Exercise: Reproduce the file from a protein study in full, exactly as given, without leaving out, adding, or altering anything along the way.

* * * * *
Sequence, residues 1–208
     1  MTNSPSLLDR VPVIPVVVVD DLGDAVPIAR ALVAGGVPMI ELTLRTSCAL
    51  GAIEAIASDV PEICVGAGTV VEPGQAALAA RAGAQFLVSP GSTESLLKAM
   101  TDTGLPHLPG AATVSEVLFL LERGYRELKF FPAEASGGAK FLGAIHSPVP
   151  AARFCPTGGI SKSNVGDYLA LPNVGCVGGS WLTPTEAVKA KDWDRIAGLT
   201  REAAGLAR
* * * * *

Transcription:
Sequence, residues 1–208
     1  MTNSPSLLDR VPVIPVVVVD DLGDAVPIAR ALVAGGVPMI ELTLRTSCAL
    51  GAIEAIASDV PEICVGAGTV VEPGQAALAA RAGAQFLVSP GSTESLLKAM
   101  TDTGLPHLPG AATVSEVLFL LERGYRELKF FPAEASGGAK FLGAIHSPVP
   151  AARFCPTGGI SKSNVGDYLA LPNVGCVGGS WLTPTEAVKA KDWDRIAGLT
   201  REAAGLAR